Beer market of Russia 2016: PET goes to draftThe beer market of Russia was warmed up by the hot summer, but the preparation for large volume PET prohibition has already impacted it negatively. The year was successful for Efes, MBC and regional producers; Carlsberg’s positions were virtually stable but AB InBev and Heineken lost a part of market share having focused on the sales profitability. The dynamics of big brands was determined by how much the companies were willing to keep the prices down or by their promotional activity. In this context the economy segment of the beer market and sales of inexpensive draft beer were increasing. The premium segment started shrinking due to license brands migrating to the mainstream segment.
Beer market of Vietnam: “Young tiger”Vietnam is one of the few big beer markets that continue to grow steadily. The beer popularity results from its low price, street consumption culture, and social motives. The outlooks of beer market as well as the Vietnamese economy inspire optimism, though the country is heavily dependent on export of goods. The state regulation can be called liberal, but the key risk for brewers is harbored in intensive rising of excise. Within TOP-4 there are two leaders, Sabeco and Heineken that grow at the fastest rates. The first company effectively employs its capacities, the second one focuses on marketing technologies. Almost 80% of the market belongs to century-old brands, yet the middle class and the youth are shifting their interest toward international premium that is growing taking share from the mainstream.
Analysis of beer market in China (on Russian)
Beer market of Ukraine: big three losing weightIn 2016, fast increase of excises and resulting price spike stood in the way of the beer market stabilization. Most of competition (as well as mass sorts) moved to the economy segment of the market. The biggest losses were incurred by the leading three, especially Obolon, which again experienced pressure after reallocation of Efes market share. However, one should already speak of TOP-4. Group Oasis CIS (PPB) became a strong player and competitor to transnational companies. Besides the net sales of many regional medium breweries look rather good and 16-fold cost reduction wholesale trade license for craft brewers opens up a possibility of rapid growth in 2017.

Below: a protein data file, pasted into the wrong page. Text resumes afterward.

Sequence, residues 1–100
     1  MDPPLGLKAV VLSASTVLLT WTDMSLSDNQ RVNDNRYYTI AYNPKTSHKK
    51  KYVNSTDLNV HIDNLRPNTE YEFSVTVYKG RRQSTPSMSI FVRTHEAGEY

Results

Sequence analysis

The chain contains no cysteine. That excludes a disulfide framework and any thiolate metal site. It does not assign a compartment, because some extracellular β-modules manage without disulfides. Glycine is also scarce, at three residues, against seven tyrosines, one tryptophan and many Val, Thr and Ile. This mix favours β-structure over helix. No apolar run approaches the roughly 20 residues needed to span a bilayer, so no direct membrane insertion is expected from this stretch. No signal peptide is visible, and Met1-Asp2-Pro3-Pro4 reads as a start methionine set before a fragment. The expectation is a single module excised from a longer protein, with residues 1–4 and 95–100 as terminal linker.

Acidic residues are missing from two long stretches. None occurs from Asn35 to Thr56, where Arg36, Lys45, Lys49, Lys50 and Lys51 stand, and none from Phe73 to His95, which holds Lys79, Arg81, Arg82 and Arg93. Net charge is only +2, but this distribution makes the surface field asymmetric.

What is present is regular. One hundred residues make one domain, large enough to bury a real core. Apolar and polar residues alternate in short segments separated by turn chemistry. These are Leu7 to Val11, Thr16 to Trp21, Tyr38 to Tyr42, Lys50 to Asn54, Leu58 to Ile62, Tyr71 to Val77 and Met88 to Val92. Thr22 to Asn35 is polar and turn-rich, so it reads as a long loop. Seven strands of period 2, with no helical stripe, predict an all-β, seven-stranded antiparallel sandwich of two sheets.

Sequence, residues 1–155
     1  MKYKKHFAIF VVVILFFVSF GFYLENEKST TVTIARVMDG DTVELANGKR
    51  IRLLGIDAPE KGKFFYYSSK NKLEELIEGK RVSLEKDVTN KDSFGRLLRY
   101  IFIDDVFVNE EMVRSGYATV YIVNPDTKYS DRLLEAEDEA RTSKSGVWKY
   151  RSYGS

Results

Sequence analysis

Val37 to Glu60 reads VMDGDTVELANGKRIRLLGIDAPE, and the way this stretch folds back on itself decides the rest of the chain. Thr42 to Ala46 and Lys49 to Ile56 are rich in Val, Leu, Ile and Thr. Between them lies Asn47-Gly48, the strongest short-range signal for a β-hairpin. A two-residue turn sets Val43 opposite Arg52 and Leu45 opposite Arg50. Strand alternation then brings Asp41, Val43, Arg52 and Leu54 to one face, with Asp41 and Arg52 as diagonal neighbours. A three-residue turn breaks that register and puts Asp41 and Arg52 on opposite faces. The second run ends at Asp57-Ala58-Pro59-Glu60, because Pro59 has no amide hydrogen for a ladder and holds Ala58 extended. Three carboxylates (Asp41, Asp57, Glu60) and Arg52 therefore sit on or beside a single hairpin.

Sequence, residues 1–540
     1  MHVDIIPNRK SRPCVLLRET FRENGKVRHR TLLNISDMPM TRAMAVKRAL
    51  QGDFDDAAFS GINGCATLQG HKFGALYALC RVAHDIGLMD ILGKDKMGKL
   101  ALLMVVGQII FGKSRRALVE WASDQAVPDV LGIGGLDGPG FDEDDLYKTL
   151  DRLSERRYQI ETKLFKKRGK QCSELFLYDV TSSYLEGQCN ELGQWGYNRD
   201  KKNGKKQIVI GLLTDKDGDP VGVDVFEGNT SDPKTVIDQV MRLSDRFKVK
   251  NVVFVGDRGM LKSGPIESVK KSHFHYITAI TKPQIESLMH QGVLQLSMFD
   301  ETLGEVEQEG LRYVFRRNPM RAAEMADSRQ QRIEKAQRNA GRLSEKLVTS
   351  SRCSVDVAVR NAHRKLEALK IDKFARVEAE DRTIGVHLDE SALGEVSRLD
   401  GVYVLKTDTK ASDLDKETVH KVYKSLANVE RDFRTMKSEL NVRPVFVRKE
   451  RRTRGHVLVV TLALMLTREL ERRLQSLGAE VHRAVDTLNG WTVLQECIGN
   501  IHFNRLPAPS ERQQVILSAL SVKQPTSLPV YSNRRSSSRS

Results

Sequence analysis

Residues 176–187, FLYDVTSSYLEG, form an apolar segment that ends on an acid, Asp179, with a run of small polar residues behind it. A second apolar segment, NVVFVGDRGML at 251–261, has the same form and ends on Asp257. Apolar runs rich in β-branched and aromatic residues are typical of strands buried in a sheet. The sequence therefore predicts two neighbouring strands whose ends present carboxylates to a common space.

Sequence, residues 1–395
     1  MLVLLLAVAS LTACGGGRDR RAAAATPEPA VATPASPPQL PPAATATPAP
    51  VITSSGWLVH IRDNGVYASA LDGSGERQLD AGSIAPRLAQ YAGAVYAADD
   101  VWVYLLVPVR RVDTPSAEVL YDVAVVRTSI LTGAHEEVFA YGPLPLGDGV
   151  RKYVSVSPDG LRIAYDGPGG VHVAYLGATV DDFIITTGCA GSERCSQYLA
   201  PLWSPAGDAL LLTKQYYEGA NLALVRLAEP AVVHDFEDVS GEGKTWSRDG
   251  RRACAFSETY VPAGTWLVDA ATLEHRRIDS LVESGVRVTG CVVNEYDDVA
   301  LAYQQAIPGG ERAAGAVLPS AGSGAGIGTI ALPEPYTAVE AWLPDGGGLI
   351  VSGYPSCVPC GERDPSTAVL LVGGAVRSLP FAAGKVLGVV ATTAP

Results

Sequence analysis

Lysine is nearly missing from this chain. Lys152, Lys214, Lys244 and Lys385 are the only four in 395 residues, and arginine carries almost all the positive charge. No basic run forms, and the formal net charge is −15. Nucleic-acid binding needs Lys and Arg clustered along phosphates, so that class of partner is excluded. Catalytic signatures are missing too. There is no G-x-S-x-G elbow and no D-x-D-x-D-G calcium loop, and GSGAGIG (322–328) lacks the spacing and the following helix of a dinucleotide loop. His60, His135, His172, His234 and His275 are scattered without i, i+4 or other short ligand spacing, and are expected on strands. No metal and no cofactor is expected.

Russia. Heineken to locally produce non-alcoholic Gősser
Heineken expands its Russian assortment with one of the most popular European brands of beer — the Austrian Gősser. In April 2016, the company’s breweries in Russia started bottling the first batches of non-alcoholic Gősser.
Non-alcoholic Gősser NaturGold is produced in Austria from 2013. It became the leader in this market segment already in 2014, taking 28.2% of it (Nielsen’s data at the end of 2015). The non-alcoholic version will be called Alkoholfrei Gősser on the Russian market. Johnny Cahill, Marketing Director of Heineken in Russia, says that the company wanted to underscore the absence in of alcohol in this beer, the proposed option proved to be the most understandable to Russian consumers.
“Despite the decline in the premium beer market, this segment has been stable over the past two years, primarily due to a change in beer consumption patterns, which are becoming more responsible. Our estimates show that the non-alcoholic beer market amounted to 850,000 hl, or 1% of the total market. We certainly support this trend by launching new brands,” said Johnny Cahill.
Gősser is a leading Austrian beer brand with a long history. This is Austrian lager beer, characterized by harmonious, full-bodied and slightly bitter taste. It forms firm foam and has an attractive golden color. The history of this brand dates back to 1860, when a brewer Max Kober arrived at the monastery of Hess in the Austrian city of Leoben. The monastery had long been known for its centuries-old tradition of brewing. Kober referred to it, while organizing the production of Gősser. Now, according to TNS’s research data, Gősser is the most popular beer in Austria, the slogan of the brand — Gut. Besser. Gősser, it was invented in 1960 and became part of Austrians’ daily life as one of the favorite national sayings.
The production of Gősser began in Russia a year ago - at five breweries of Heineken. Johnny Cahill says that the decision has become one of the most successful moves for the company in Russia — Gősser has turned into one of the fastest growing brands on the market, the sales have exceeded the planned volume by 60%.
25 May. 2016